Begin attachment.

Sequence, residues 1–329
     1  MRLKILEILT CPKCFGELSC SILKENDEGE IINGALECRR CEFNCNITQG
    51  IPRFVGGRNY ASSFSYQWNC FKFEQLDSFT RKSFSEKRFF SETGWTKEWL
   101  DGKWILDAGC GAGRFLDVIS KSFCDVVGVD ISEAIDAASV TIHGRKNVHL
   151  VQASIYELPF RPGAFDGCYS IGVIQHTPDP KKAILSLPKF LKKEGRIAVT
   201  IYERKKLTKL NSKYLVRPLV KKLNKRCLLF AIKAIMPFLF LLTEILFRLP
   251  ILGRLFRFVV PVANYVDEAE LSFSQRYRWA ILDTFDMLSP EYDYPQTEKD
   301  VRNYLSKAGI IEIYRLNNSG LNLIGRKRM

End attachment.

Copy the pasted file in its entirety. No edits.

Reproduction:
Sequence, residues 1–329
     1  MRLKILEILT CPKCFGELSC SILKENDEGE IINGALECRR CEFNCNITQG
    51  IPRFVGGRNY ASSFSYQWNC FKFEQLDSFT RKSFSEKRFF SETGWTKEWL
   101  DGKWILDAGC GAGRFLDVIS KSFCDVVGVD ISEAIDAASV TIHGRKNVHL
   151  VQASIYELPF RPGAFDGCYS IGVIQHTPDP KKAILSLPKF LKKEGRIAVT
   201  IYERKKLTKL NSKYLVRPLV KKLNKRCLLF AIKAIMPFLF LLTEILFRLP
   251  ILGRLFRFVV PVANYVDEAE LSFSQRYRWA ILDTFDMLSP EYDYPQTEKD
   301  VRNYLSKAGI IEIYRLNNSG LNLIGRKRM